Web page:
terça-feira, 5 de fevereiro de 2013
Hold Tight by Harlan Coben
A review by Jules Brenner
Dutton, April 2008
If there was ever a novel that called for a sociological flow chart, Hold Tight, a community murder mystery, is it. Author Coben has constructed a yarn with multiple points of view - a patchwork of tragically affected people connected to an incident of callousness and bad taste that festers into murder and suicide. And no one participant has any way of knowing how it all connects. In the small suburban town of Glen Rock, NJ, near New York City, one seed of inhumanity germinates social deconstruction and homicidal madness like a viral disease.
If you have to pick a central character, you'd likely pick Mike Baye (pronounced "buy" like what you might do when you get this book) because he's so persistent in pursuing that which appears so inexplicable. As the sympathetic backbone of the piece, Baye and wife Tia enter the tragedy through their concern about 16-year old son Adam's sudden distance from them, coupled with the lad's disregard of prior passions. It's as though one day he got up and forgot all about hockey, and the deep influence of Dad's accomplishments on the college team. By contrast, a civil conversation with Adam now is as rare as four goals in one game.
Mike and Tia's suspicions that something serious is going on in Adam's life are bad enough, but when Adam's best pal Spencer Hill commits suicide on the high school roof, alarm bells peal. Their difficult decision to install E-SpyRight spy software on Adam's computer is nothing less than what a parent should do to protect a child, though it causes them considerable soul searching.
And, when they check Adam's email and find a cryptic message in conspiratorial terms by a mysterious "CJ," (or actually CeeJay8115 to HockeyAdam1117) and when they learn from Spencer's mother Betsy Hill that Adam may have been with Spencer the night of his death, Mike starts asking questions around the neighborhood like a sleuth on uppers.
No less involved, but from a different perspective, is their 11-year old daughter Jill who suffers for best friend Yasmin after their teacher, Mr. Lewiston, makes a comment that would make Keith Olberman's "Worse, Worser, Worst" list. As for Lewiston, his presumably off-hand but very public remark about Yasmin having facial hair was never intended to become so inflamatory as to threaten his job. The community reaction astonishes him, and he wastes no time to apologize. Not only has the harm been done, however, but his next decision compounds the problem - not unlike pouring gasoline on a prairie fire to put it out.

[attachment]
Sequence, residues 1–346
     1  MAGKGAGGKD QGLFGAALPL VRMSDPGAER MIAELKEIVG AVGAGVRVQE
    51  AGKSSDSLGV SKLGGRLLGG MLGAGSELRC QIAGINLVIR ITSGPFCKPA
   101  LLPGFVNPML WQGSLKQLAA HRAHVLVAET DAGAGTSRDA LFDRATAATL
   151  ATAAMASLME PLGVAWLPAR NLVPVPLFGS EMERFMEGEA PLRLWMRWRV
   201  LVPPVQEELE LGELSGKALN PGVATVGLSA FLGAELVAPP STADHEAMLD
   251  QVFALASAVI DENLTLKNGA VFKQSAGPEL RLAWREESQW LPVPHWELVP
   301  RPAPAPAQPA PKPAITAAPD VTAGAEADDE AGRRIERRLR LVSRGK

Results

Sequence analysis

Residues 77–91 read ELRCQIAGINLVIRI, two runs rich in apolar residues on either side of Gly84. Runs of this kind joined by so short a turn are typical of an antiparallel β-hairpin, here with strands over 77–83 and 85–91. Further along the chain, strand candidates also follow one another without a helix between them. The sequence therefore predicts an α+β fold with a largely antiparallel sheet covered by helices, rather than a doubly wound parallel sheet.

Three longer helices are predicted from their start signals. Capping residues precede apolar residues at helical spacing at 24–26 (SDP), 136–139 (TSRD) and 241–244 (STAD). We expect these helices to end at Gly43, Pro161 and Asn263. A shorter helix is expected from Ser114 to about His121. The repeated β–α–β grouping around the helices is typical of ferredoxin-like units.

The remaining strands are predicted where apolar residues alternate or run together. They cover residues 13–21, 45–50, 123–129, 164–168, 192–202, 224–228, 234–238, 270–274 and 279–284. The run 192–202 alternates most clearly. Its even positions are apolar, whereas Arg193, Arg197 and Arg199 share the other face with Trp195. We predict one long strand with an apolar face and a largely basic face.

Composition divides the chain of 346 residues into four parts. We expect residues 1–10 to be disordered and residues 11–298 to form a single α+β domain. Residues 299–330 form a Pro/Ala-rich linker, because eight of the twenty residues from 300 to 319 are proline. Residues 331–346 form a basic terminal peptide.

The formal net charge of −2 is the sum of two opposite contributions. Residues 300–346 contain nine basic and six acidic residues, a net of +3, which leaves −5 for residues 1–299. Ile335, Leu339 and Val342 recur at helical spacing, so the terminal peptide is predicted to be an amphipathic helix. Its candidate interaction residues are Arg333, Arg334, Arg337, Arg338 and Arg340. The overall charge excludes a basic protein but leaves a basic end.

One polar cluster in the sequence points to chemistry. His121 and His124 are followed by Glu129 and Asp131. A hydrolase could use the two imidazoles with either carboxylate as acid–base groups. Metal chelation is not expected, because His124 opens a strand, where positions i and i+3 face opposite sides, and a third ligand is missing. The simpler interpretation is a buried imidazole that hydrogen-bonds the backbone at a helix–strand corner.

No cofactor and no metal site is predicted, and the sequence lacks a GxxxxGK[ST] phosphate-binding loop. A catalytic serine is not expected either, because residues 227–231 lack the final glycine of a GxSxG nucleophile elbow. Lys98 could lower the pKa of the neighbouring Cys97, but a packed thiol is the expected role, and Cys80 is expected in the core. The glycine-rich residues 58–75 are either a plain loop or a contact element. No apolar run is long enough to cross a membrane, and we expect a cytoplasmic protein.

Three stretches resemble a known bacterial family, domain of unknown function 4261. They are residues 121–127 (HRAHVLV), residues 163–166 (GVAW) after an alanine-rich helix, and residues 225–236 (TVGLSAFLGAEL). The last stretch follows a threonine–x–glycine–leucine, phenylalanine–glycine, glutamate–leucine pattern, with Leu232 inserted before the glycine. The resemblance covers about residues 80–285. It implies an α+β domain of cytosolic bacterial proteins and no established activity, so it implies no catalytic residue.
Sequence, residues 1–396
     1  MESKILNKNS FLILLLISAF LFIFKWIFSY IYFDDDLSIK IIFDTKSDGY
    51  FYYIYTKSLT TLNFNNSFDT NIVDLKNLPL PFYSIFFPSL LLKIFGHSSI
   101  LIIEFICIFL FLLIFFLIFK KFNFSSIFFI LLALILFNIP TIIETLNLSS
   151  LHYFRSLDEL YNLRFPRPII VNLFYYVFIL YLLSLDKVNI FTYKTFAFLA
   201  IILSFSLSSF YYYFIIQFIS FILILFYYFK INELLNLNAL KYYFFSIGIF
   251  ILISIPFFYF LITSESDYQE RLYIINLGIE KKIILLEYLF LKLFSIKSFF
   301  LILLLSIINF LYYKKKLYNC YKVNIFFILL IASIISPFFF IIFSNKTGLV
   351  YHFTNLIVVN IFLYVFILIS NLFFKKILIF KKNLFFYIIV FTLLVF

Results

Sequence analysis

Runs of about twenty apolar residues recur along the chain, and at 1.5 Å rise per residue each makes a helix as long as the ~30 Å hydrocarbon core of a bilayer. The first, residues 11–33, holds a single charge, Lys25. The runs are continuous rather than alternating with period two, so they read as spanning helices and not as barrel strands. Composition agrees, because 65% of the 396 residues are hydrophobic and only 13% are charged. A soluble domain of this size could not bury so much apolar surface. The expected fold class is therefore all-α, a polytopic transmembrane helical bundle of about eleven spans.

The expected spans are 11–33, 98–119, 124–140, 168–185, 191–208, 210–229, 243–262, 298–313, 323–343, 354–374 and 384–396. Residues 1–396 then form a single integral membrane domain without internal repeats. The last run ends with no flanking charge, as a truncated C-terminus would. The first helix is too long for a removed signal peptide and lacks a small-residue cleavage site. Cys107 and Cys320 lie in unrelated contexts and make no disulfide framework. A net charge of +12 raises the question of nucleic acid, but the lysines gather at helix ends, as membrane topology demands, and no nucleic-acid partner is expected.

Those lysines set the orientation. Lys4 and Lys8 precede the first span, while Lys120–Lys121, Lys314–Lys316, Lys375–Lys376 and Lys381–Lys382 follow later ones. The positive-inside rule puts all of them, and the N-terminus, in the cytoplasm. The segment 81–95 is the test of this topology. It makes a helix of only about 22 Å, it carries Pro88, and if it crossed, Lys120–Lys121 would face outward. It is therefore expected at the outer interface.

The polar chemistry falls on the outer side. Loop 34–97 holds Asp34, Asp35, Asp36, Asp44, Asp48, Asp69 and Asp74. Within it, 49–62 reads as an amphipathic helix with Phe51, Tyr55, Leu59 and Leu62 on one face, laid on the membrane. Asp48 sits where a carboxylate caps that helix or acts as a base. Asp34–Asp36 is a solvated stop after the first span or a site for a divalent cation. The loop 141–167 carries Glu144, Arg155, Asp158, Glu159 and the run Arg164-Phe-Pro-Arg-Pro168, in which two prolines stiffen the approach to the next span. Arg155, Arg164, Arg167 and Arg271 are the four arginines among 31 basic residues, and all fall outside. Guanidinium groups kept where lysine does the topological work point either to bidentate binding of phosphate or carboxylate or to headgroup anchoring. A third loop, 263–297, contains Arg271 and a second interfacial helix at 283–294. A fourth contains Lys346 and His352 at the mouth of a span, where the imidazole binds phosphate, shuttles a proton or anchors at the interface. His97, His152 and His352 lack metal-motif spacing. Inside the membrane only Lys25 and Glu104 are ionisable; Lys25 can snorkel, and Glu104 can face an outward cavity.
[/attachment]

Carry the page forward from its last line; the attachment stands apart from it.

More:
Classmates won't stop riding Yasmin about their teacher's branding of her, and she's forced to quit dance class. Mortified and outraged, Yasmin's parents won't let go of the issue and want their pound of flesh for the insult upon their daughter. They're after Lewiston and they're not about to let go because of a lousy apology.
But the conflagration of parental outrage over a heartless remark pales at the act that started off the drama - when a killer kidnaps Marianne, a woman he meets in a bar. We quickly learn that it's no random pick-up. This guy is after a videotape that he believes Marianne has and, when his initial body blows fail to produce the item's whereabouts, he methodically destroys her face in order to stymie police identification of what he's going to leave behind: her body. The extremes of this killer's brutality isn't just a desire or need to get what he wants; it's a maniacal, inhuman opportunity to inflict pain and damage to the victim at hand.
Stepping into the skein of events are Chief Investigator Loren Muse and detective Frank Tremont, her laziest and most misogynistic man on the job. Unfortunately for Loren, this gender bigot has picked up the case, but that doesn't prevent her from checking out the crime scene for herself, and interpreting it far differently than he does. As sharp as she is, though, there's no way anyone could, at this point, suspect how this murder will connect to the malevolence rippling through the community, nor to its motivation and point of origin.
Suspects and relatives of suspects obscure the landscape like locusts on a 12-year rampage when you have nothing more at hand than a garden spray. More corpses feed the futility and the suspense. As the air clears and it becomes an experience of discovery of motivations and consequences, the power the author has at his command to envelop us in a complex mystery reveals itself.
With no single central figure to guide and anchor us on a trip through a maze of relationships and connections, it's more than normally critical to keep careful track of the names and characters as they're introduced. There's no P.I., cop or anti-hero whom we fasten to as we deal directly with the grisly, unmerciful murders, the suicide and the apparently random mayhem. A victim disappears and obscurity is the watchword as we follow the emotions of communally connected parties who can never see more than their own part of the puzzle. Meanwhile, Coben spreads the limelight almost equally among his cast of characters.
I'm not sure I want him to put me through another "interlacing community drama" anytime soon, but the truth is that I'm only too glad to read anything Coben's crafty and original mind can create.
Posted by Francisco Augusto Vaz Brasil at 00:51